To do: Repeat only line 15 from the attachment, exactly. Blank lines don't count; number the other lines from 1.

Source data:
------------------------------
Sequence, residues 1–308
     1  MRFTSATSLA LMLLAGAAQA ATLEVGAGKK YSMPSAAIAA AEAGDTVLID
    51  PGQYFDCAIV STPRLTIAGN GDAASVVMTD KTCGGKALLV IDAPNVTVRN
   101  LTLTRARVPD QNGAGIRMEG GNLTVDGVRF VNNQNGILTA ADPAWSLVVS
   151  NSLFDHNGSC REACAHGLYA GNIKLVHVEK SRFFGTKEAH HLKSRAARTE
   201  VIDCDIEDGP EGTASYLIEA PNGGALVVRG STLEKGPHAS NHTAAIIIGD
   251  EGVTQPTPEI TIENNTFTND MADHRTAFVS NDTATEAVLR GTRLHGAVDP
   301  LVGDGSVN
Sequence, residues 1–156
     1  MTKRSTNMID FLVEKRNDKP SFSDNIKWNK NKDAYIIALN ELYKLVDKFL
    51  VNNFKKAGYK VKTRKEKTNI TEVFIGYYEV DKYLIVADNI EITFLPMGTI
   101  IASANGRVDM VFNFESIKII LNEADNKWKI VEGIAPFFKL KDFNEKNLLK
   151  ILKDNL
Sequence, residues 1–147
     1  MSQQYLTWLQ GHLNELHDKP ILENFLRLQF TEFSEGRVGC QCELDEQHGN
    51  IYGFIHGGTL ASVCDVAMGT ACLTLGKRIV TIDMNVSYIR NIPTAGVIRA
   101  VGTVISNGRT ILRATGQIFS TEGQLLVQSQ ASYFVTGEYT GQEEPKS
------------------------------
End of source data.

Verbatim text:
     1  MSQQYLTWLQ GHLNELHDKP ILENFLRLQF TEFSEGRVGC QCELDEQHGN